Friday, July 17, 2009

How Safe are Plastic Water Bottles?

Here's a hot topic. Plastic Water Bottles. Are they SAFE? Or do they pose a danger to our health?

The chemical in question is bisphenol A - known as BPA - found in polycarbonate containers.

Here is a article contributed by Britney Wilkins who write for :

This has become an interesting debate in modern society, as people become more and more worried about any contaminants that may be polluting their everyday lives. This has therefore resulted in the “green” movement in which many people have opted for products that do not contain any added preservatives, flocking towards more “natural” products on all ends of the spectrum. While there is no real way to get around the plasticity of water bottles aside from simply using a stainless steel container, you can take certain precautionary measures to ensure that you are not imbibing the harmful pollutants.

Water bottles are generally safe unless you plan to use and reuse them time and again. After so many rewashes, the ingredients that make up plastic, such as polyethylene terephthalate and antimony begin to leak out due to the degrading interior. Many moms and parents are trying to teach the importance of conservation to their children and have tried to reuse these plastic containers before realizing that this could cause more harm than good. Most plastic containers are stamped with a number on the bottom to indicate how to recycle or dispose of the plastic, with most water and juice bottles labeled as No. 1, indicating their easy ability to degrade upon multiple washes. In comparison, the harder Nalgene bottles have the number 7 stamped on the bottom, although scientists maintain that this form of plastic can leak out bisphenol A, an endocrine-disrupting chemical. While this is still in debate since the amounts found were well below the Environmental Protection Agency’s standards, other scientists maintain that this type of chemical could cause behavioral and neurological problems in developing fetuses and young children.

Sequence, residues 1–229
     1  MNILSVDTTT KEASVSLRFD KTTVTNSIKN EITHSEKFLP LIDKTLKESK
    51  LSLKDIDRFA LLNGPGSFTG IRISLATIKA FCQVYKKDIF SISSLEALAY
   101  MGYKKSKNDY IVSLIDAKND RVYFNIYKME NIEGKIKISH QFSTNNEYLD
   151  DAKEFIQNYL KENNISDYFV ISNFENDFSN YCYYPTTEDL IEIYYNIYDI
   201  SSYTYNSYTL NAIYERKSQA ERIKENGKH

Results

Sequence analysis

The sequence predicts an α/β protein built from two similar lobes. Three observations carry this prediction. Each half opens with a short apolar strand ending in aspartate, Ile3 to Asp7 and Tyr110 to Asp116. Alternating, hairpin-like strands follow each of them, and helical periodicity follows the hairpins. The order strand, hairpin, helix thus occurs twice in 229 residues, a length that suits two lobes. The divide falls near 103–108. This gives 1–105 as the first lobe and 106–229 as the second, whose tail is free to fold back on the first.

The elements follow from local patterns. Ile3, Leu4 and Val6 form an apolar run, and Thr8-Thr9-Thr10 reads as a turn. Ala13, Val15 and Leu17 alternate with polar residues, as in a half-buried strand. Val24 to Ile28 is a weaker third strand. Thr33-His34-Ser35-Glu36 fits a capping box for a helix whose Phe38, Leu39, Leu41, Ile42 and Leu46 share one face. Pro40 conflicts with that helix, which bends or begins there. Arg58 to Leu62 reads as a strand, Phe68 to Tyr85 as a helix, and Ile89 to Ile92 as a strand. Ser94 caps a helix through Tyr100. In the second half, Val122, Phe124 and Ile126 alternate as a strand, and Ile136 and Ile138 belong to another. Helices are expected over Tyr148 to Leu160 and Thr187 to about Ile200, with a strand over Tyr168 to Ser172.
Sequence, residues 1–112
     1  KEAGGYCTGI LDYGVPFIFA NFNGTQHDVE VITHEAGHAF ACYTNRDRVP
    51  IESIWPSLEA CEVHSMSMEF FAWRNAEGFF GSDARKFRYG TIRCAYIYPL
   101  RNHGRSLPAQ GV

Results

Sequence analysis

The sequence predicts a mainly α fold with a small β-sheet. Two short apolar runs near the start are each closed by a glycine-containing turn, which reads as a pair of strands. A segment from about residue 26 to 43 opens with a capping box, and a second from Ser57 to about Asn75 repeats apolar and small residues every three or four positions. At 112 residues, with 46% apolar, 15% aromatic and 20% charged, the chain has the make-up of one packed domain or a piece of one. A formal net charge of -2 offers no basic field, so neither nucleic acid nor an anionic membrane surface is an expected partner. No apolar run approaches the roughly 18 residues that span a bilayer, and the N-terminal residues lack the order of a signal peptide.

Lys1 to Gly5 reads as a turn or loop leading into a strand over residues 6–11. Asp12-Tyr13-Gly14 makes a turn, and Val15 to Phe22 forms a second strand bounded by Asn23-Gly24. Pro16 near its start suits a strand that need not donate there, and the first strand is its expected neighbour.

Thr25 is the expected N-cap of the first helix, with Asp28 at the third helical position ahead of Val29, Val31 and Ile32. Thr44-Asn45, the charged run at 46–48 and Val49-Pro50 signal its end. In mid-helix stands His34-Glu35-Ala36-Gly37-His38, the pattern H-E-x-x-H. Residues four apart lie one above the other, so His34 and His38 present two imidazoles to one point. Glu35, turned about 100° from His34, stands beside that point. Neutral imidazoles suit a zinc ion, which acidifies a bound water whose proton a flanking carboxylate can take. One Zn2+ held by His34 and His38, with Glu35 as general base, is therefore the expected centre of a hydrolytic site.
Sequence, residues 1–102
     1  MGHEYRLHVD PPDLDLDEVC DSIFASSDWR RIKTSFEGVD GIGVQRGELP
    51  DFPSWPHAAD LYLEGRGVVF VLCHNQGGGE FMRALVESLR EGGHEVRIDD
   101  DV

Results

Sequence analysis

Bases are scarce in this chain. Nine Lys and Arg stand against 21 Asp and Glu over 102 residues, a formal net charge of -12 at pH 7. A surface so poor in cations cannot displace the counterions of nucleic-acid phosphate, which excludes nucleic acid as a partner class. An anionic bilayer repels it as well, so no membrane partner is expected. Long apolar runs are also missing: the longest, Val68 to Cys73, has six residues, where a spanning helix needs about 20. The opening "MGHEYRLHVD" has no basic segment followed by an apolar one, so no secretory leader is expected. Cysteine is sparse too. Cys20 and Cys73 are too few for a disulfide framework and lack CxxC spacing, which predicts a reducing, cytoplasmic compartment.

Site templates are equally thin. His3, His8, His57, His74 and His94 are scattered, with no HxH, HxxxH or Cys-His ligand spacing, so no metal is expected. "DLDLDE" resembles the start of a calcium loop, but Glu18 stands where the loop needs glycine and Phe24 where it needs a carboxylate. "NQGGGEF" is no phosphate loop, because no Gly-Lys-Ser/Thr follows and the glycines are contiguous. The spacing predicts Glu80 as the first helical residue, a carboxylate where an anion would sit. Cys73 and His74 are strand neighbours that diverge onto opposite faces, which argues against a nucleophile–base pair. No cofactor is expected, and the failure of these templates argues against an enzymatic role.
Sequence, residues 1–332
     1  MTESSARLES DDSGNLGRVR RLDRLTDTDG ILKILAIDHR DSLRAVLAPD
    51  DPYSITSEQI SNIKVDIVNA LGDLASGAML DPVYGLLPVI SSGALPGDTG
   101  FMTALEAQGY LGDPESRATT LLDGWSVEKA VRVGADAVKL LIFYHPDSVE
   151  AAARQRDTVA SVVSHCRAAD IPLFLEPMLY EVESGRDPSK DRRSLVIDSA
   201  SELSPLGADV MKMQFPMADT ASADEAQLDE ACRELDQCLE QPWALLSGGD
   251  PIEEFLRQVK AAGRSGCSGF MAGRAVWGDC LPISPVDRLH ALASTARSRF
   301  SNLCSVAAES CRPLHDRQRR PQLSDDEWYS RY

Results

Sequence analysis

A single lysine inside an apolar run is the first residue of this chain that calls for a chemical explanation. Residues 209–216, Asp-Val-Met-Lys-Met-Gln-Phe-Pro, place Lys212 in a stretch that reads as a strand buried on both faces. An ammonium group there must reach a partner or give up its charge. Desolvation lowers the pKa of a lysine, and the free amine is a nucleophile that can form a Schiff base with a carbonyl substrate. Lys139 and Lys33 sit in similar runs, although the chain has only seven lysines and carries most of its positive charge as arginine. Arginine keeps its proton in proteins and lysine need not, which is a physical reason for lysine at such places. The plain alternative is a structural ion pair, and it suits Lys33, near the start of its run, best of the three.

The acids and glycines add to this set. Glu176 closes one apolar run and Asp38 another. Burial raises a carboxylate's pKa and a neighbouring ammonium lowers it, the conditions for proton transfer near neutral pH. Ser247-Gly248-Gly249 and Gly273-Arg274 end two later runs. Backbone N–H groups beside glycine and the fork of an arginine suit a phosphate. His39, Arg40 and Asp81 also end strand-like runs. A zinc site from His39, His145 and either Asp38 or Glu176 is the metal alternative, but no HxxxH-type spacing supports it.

This poses many worries about the proper way to drink water: can we no longer use typical plastic water bottles? These findings are not meant to scare us off from our regular water bottle usage, but simply to remind us not to continuously wash and reuse the same water bottles. Once we start to overanalyze every form of plastic and the type of containers we use on a daily basis, we realize that there are contaminants in nearly everything, which makes it almost not worth it to worry about. While many of these findings have brought on increased amounts of worry within parents, the bottom line is to remember to only reuse plastic bottles a handful of times before you throw them out. If you want a container that has staying power, resort to the stainless steel bottles, although plastic still remains the best alternative and is much easier to tote around. (She welcomes your feedback at

OK - interesting take on the BPA worries.

Here's some information just in from "Plastic News" July 20th 2009 issue:

The 6 major manufacturers of baby bottles have agreed NOT to make bottles containing BPA. Health Canada said it would draft regulations banning the import and sale of baby bottles containing BPA. Health Canada issued three separate reports 7/9/09 affirming the safety of bottled water, powdered infant formula and baby foods in glass jars with metal lids - all of which contain BPA.

Health Canada added that BPA levels in bottled water is negligible for the general population and that an adult would have to drink 264 gallons of water every day to approach the safe intake limit for BPA recently established in Canada.

Closer to home, in California, on 7/15/09 the California Developmental and Reproductive Toxicant Identification Committee voted 7-0 not to include BPA on the state list of toxic chemcials regulated by Prop 65.

Well - it is safe to say that the wheels are turning in North America - BPA is on the way out and the levels are very very low in current production containers. There is no level of BPA acceptable for infants - that seems clear.

What about the bottles you ARE drinking from right now? They are safe.

What about re-using a water bottle over and over? They are safe - but the reality is that I would worry more about what is in the refilled WATER than leaching out of the plastic container. After a few re-uses there is bound to be some amount of bacterial contamination in the water that is far more bothersome than a fractional amount of BPA. That bacteria comes from the air, your mouth, the food you eat and the air getting in the bottle when it's sitting around waiting for a refill.

So... I am only refilling my bottles ONCE - and toss the old ones in the recycle bin for cash.

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